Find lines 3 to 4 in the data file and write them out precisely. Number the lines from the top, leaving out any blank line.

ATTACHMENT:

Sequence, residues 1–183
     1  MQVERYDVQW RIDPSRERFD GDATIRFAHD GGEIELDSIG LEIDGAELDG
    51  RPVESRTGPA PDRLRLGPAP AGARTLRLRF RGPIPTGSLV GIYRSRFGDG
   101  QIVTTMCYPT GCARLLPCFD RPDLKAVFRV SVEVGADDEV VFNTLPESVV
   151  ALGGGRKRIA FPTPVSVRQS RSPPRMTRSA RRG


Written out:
    51  RPVESRTGPA PDRLRLGPAP AGARTLRLRF RGPIPTGSLV GIYRSRFGDG
   101  QIVTTMCYPT GCARLLPCFD RPDLKAVFRV SVEVGADDEV VFNTLPESVV